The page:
A chance encounter at a recent Civil War show in Marietta between Mullinax and avid Civil War photography collector Tom Liljenquist of Virginia at last allowed the Library of Congress — which has the portrait along with about 1,000 others donated by Liljenquist — to identify her great-great grandfather, Stephen Pollard. The photograph has appeared in countless books and was included in the Ken Burns’ documentary of the Civil War.
“He gave me his card, and I was slowly going through the collection on the Library of Congress website and saw my grandfather’s picture there, but it said he was unidentified,” Mullinax said. “I couldn’t really figure out why it said he was unidentified because we have a book that has this photograph in it and tells all about him. I had seen the photograph in places and assumed that one of my Pollard cousins had identified him and given permission for them to use his picture.”
The book Mullinax is referring to is “Remembering Georgia’s Confederates,” written in 2005 by local retired educator and Civil War historian Dr. David Wiggins. Though the photograph had been widely circulated in countless other books and Burns’ famous documentary before Wiggins’ book was published, Wiggins was the first to identify Pollard on Page 60 of his book.
“I don’t know of it being identified in any other source up to that point,” Wiggins said.
Wiggins received the photograph for use in his book from the Fayette County Historical Society and all of the accompanying information that described Pollard’s military history. He assumed the photograph had been donated to the Historical Society by one of its members, who was a Pollard.
Though he had heard that it was recently identified for the Library of Congress, Wiggins didn’t know that it was Mullinax who had done so.
“Mr. Liljenquist is a famous collector, and he got all these images and he purchased this image not knowing who it was,” Wiggins said. “He recently gave all the images to the Library of Congress. I didn’t know that it was Mrs. Mullinax that had identified the image for them, but I did know that someone had. It’s really a neat story.”
The photograph is so famous that the story of Mullinax’s identification has made national news in such places as Washington, D.C., and New York City. In fact, Mullinax said she recently received a phone call from a woman in Seattle, Wash., who said she had read about it and had some Pollard relatives from Carroll County and wondered whether they were related.
According to Wiggins’ book, Pollard was born in 1830 in Fayette County and was the oldest son of Irvin Pollard. Prior to the war, he moved to Carroll County, where he met and married Marry Ann Vines. They then moved to Haralson County.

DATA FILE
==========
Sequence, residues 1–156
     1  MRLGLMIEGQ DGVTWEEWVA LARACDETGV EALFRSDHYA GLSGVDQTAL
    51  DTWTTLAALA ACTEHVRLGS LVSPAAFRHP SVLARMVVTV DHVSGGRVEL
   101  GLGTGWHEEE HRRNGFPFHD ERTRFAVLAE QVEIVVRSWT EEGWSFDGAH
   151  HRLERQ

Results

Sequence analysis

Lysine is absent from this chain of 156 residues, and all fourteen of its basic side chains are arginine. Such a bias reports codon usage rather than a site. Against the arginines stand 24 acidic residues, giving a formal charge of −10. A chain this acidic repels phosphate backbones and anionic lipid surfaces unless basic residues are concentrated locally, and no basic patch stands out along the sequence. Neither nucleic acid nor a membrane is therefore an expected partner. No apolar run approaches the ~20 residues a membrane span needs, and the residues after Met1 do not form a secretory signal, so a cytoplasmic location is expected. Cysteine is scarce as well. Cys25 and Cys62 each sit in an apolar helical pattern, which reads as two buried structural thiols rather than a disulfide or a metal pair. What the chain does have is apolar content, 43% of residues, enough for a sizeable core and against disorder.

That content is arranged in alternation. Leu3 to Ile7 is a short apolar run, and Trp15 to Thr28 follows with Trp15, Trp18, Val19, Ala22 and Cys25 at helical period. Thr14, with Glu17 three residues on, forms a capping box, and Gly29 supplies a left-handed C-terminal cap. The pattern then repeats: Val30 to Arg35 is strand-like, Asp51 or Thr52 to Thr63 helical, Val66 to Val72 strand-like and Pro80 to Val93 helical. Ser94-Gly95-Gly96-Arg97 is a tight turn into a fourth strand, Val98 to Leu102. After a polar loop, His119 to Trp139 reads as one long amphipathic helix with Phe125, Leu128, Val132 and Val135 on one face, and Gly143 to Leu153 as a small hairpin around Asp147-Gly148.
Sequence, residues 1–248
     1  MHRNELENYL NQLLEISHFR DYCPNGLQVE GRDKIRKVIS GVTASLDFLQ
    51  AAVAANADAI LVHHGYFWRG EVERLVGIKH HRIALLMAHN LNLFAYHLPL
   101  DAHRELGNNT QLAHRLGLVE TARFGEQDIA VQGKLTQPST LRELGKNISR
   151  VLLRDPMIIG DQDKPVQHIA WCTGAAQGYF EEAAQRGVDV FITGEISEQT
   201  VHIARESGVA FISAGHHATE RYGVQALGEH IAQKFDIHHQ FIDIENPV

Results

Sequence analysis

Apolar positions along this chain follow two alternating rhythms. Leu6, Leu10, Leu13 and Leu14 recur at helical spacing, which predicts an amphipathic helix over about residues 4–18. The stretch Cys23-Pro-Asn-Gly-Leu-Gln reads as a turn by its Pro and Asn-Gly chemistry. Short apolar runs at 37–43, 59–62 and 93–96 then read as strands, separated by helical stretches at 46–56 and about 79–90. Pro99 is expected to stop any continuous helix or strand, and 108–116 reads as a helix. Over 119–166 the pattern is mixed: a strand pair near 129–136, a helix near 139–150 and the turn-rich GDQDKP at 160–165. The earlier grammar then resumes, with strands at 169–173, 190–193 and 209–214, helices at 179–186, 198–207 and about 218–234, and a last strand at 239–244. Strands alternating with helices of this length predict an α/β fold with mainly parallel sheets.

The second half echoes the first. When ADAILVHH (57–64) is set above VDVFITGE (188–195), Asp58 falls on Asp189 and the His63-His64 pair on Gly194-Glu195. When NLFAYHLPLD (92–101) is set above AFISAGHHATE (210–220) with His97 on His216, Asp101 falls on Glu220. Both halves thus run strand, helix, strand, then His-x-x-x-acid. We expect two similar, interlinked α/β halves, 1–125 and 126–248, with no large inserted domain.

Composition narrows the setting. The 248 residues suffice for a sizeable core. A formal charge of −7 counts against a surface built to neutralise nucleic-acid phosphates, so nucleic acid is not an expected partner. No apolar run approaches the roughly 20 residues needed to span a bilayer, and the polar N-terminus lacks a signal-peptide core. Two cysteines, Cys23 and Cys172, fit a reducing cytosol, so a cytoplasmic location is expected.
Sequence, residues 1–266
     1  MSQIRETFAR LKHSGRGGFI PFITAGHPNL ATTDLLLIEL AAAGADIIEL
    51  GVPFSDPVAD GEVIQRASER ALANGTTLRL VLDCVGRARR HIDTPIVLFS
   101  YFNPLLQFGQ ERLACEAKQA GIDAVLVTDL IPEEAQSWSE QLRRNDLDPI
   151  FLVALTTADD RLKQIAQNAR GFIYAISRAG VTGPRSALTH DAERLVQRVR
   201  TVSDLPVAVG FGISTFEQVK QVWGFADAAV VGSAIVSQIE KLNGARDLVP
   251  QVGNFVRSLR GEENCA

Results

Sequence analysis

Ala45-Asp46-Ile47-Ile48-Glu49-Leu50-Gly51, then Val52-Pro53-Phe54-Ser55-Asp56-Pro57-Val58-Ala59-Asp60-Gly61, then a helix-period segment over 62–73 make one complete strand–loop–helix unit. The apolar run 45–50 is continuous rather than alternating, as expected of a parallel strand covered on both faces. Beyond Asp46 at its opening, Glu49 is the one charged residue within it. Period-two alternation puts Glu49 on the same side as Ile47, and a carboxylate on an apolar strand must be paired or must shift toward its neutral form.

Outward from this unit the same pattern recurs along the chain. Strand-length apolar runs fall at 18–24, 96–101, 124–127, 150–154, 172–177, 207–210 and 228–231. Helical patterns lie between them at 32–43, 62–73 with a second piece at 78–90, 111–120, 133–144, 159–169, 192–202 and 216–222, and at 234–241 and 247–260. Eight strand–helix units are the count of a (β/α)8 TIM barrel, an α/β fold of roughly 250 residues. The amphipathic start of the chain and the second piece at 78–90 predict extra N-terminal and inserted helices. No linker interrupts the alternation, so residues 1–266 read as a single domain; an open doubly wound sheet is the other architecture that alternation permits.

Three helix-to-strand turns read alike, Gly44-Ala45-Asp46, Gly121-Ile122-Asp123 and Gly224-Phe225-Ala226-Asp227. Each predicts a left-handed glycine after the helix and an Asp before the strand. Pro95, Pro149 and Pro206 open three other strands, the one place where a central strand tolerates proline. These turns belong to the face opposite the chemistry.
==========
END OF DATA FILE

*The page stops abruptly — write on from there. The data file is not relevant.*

Pollard served as a private in the 7th Confederate Cavalry, Partisan Rangers and later served in the 40th Georgia Infantry. He surrendered at Greensboro on April 26, 1865, nearly three weeks after General Robert E. Lee surrendered to General Ulysses S. Grant at Appamattox Courthouse in Virginia and almost two weeks after President Abraham Lincoln was assassinated.
During his Confederate service, Pollard fought in battles at Brandy Station, Chancellorsville, Fredericksburg, Richmond and Petersburg, though it was never reported that he suffered any wounds.
In the ambertype photograph, Pollard is looking at the camera with fierce eyes as he poses in a light-collard overshirt with a dark collar, cuffs and shoulder lapels. He is armed with an 1855 U.S. single-shot pistol with shoulder stock and a pair of revolvers.
According to Mullinax, a book of family history and stories she has that was written by Pollard’s grandson describes Stephen Pollard as being a hunter and farmer who was six feet tall. He and his wife had 11 children, eight of which survived. One of those surviving children was Mullinax’s grandfather.
The family history also spends a lot of time talking about Pollard’s horse, a gray mare that had a way of letting his master know when Union soldiers were nearby and kept Pollard and his fellow soldiers from being ambushed. In one of those stories, it describes how Pollard came home to get another horse at one time during the war.
According to Wiggins, it was not an uncommon practice for cavalry soldiers who lost a horse or had them shot out from under them in battle to come home and get another.
“You had to have a horse if you were in the cavalry,” he said.
Mullinax had seen an original photograph of her great-great-grandfather owned by her cousins at family reunions, but she’s never owned one. However, she does have Stephen Pollard’s cavalry sword and a bayonet that were given to her by an uncle.
“There’s not too many people that have anything that belonged to their great-great-grandfather,” she said.
Upon seeing her grandfather’s picture in Liljenquist’s collection on the Library of Congress website, Mullinax contacted the collector and told him who the man was so he would no longer be listed as “unidentified.”
“He said that picture has been in the public eye for 40 years (without being identified),” Mullinax said. “He acted like he just couldn’t believe it. He asked me how I knew that it was my grandfather, and I told him I had a book with his picture in it and all this information.”
Mullinax sent Liljenquest a scanned copy of the page from Wiggins’ book with Pollard’s picture and information, and in turn he sent her some of his official military records that included Pollard.
“It was just one of those twists of fate that I ran into him at that show and he had a picture of my grandfather and didn’t know who he was,” Mullinax said.
Pollard died in 1899 and is buried at Liberty Christian Church in Temple, the same cemetery where Mullinax’s parents are buried.